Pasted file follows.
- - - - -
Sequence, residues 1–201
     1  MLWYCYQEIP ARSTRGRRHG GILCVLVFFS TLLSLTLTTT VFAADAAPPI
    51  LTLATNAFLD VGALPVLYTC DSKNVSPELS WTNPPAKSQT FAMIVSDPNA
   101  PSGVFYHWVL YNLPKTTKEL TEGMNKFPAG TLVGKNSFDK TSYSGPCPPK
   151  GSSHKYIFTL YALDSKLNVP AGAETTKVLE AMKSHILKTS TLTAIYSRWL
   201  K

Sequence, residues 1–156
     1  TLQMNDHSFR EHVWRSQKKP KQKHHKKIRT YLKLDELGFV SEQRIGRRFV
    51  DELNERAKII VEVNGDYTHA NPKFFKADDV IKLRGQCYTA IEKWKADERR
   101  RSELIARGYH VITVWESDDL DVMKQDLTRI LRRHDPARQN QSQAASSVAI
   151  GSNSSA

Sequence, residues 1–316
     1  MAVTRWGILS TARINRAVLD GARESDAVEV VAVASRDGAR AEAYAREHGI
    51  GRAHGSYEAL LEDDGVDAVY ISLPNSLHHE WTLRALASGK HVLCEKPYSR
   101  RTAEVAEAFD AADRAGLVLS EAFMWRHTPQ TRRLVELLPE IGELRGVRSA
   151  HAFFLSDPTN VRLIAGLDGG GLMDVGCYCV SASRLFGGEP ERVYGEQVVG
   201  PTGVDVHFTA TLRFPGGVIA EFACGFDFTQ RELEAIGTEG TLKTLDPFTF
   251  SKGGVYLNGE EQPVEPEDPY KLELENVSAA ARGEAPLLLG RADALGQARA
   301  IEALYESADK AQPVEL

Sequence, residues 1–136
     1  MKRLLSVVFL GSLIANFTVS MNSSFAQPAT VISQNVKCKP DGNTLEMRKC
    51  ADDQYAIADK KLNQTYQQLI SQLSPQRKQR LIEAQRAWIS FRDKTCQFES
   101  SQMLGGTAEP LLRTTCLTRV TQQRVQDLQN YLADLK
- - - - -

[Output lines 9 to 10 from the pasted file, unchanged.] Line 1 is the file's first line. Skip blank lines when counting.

    51  DELNERAKII VEVNGDYTHA NPKFFKADDV IKLRGQCYTA IEKWKADERR
   101  RSELIARGYH VITVWESDDL DVMKQDLTRI LRRHDPARQN QSQAASSVAI